Popular culture

One in five Canadian truck drivers is South Asian. Their needs were ignored.

On January 29, hundreds of truckers from across Canada came to Ottawa to protest the government’s COVID-19 vaccine mandate, despite the fact that almost 90% of truckers in Canada are already vaccinated. Protests have spread to blockades on busy roads between the United States and Canada, disrupting automakers’ supply chains.

Although they represent at least 20% of the Canadian trucking community, South Asian truckers are rare at the “Freedom Convoy” in the capital. If the protesters’ demands are inclusive and urgent for all truckers, why haven’t South Asians stepped up?

When I spoke to Armaghan Afghan, a 34-year-old Pakistani-Canadian truck driver this week, he was halfway through his 5.5-hour trip from Toronto to Ottawa. But Afghan was not traveling to Ottawa to join the protest. “Why would I, or the majority of the trucking industry, join the protesters when we disagree with their demands? The rally is for anti-vaxxers and right-wingers,” he said. “And the vast majority of truckers are vaccinated.”

Data from the Canadian Trucking Alliance supports Afghan’s claim, showing that truckers and their families were vaccinated early on, as were others I’ve spoken to in the industry. Disha Singh, who works as a safety manager at a trucking and logistics company in Ontario, told me the majority of Sunrise Freight Systems workers are South Asian and vaccinated. “Our drivers and workers just don’t care about the request not to be vaccinated. The only conversation we have about the rally is that it caused delays and it was difficult for the drivers,” she said. Drivers don’t earn money for the hours they’re stuck in traffic.

Trucks line up on Highway 402 to enter the United States at the Bluewater Bridge in Sarnia, Ontario, Canada on February 10. The bridge was forced to take almost all truck traffic between Ontario and Michigan after protesters blocked the ambassador. Bridge at Windsor.GEOFF ROBINS/AFP via Getty Images

The valid and pressing issues of the Canadian trucking industry are largely lost in the protests, many of which are valid for American truckers as well. According to Trucking HR Canada, the country faces a shortage of 20,000 drivers. Less than 3% of the industry is made up of women. Millennials are not interested in joining the trucking industry. Last December, the industry came together under the auspices of the Canadian Trucking Alliance to plan a social media campaign to attract a young and diverse set of workers. Millions of dollars have been invested; now it seems that much of that effort has been wasted.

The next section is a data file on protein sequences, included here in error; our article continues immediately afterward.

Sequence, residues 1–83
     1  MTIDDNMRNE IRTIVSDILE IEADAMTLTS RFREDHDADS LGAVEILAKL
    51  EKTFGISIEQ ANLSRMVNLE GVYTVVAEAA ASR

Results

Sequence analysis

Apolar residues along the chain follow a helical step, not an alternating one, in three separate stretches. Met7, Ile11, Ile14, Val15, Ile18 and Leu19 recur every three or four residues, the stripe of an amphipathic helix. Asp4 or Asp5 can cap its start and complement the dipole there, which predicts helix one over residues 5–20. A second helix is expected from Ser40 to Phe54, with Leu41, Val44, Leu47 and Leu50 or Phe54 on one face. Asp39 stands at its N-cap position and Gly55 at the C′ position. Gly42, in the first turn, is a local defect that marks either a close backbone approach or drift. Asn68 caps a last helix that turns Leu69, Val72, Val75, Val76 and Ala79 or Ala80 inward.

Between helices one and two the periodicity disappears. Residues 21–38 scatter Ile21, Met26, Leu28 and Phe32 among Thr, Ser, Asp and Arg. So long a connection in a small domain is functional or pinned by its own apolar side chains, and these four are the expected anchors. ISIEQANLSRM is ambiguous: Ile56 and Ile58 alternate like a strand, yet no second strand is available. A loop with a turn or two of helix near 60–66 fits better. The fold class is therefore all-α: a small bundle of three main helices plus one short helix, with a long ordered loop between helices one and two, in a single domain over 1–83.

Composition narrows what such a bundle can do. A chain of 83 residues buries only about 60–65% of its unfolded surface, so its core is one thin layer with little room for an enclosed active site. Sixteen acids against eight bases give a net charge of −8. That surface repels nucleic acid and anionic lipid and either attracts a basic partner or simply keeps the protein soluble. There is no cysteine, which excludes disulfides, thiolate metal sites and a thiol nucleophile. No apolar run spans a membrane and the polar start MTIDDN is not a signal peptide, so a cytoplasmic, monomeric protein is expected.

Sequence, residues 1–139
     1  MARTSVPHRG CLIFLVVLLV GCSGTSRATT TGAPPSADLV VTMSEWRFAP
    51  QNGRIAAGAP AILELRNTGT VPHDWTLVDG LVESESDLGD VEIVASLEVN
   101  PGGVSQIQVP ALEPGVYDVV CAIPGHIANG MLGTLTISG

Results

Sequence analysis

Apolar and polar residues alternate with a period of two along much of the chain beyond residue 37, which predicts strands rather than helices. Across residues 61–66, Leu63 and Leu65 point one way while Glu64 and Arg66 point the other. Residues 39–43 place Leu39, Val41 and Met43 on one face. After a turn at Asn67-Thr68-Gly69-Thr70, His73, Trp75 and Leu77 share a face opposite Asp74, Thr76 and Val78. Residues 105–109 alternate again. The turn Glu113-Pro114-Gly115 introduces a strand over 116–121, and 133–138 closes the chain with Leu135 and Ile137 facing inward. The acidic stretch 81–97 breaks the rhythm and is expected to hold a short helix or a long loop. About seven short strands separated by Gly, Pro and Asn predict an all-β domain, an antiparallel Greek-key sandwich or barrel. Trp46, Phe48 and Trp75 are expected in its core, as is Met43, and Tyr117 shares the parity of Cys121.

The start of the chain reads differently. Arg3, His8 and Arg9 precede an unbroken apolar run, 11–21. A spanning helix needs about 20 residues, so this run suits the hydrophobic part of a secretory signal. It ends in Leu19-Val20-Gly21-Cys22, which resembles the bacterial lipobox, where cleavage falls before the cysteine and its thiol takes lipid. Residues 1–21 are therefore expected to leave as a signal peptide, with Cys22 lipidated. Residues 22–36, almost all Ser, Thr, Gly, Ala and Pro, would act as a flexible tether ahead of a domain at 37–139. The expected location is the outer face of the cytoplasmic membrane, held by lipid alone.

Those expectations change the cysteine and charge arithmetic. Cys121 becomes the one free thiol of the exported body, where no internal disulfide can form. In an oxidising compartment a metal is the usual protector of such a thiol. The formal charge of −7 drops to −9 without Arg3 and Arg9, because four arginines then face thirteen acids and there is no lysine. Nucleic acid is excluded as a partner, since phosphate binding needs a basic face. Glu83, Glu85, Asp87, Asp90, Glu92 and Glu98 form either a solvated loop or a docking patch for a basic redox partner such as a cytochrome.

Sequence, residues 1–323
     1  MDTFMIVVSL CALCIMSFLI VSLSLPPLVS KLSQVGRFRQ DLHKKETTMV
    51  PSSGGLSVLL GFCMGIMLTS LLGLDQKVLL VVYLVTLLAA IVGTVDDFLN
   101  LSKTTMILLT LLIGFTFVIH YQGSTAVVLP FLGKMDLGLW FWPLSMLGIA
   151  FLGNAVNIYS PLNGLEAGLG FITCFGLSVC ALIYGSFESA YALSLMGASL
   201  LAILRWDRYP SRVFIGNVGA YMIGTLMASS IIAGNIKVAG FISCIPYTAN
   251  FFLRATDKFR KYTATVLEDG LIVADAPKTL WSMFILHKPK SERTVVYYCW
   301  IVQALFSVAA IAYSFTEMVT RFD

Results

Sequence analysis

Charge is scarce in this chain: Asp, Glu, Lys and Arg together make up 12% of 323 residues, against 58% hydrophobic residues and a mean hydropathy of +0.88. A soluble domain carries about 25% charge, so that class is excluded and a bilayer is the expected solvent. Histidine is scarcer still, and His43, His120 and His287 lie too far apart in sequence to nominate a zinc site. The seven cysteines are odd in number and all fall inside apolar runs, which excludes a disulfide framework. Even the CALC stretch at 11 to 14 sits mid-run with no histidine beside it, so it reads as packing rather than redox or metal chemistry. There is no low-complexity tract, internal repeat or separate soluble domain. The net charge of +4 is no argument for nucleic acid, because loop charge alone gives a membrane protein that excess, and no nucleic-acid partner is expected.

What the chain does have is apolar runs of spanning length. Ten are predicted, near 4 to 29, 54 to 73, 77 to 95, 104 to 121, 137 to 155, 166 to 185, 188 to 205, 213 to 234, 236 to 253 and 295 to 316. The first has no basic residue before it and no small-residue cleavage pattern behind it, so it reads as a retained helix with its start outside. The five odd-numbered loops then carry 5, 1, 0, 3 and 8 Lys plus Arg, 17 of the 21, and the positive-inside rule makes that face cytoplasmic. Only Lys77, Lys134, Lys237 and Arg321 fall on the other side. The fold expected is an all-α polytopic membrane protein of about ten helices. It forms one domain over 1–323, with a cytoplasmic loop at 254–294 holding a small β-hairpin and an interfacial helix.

“I would like us to talk about congested highways, road safety, lack of parking spaces, small number of border agents and lack of restrooms for truckers,” said Manan Gupta, director of Road Canada, a magazine devoted to the South. Asian trucking community. “I wish we had talked about how we can pay truckers better, on time, and attract millennials into our industry.” Gupta lamented that instead of talking about how most highways in the North are single-lane roads, or focusing on immigration reforms for South Asian truckers, or discussing vulnerable immigrants who are trapped in extremely abusive working conditions, protesters in Ottawa are focused on vaccinations, a non-issue in his view.

Afghan brought up a point that, as a South Asian immigrant to North America, I often think about. He asked, “How can an immigrant be part of a movement? Immigrants like to keep a low profile; they only do what they have to for a living. I see where he comes from, playing the role of the model minority is what people expect from South Asians.

But the recent history of South Asian truckers tells a different story. Since increasing numbers of South Asians have found themselves in the industry, they have repeatedly protested for their rights. Their most common concern is late or non-payment of wages – a problem that seems endemic among immigrant drivers, who are likely to sign dodgy employment contracts and have less access to justice.

Moreover, in 2021, when farmers in the Indian province of Punjab demanded the abolition of three bills that would lead them to starvation, the Indian diaspora in Canada spoke out loud and clear in their favor. Trucks in Canada are still decorated with stickers that read “No Farmers, No Food” and “Farmers Feed Families”.

The Freedom Convoy continues to grow and the demands have evolved: now some protesters are calling for the resignation of Prime Minister Justin Trudeau; there are vague rallying cries for “truth and freedom”; American right-wing extremists have joined them; and the protests are described as the January 6 moment in Canada. American truckers are making videos in support of the rally, and a “people’s convoy” from California to Washington, DC, is planned for next month.

It’s a time for truckers across North America; they have the microphone. But the decline of large parts of the industry such as South Asians is ominous and telling: if the protest is not inclusive, if it is not focused on making life easier for truckers and, subsequently, on mitigating the cracks in global supply chain, the rally will fizzle out and truckers will be back on the road without having achieved anything.

Maham Javaid is a 2022 Elizabeth Neuffer Fellow at the International Women’s Media Foundation and a researcher at the Center for International Studies at MIT.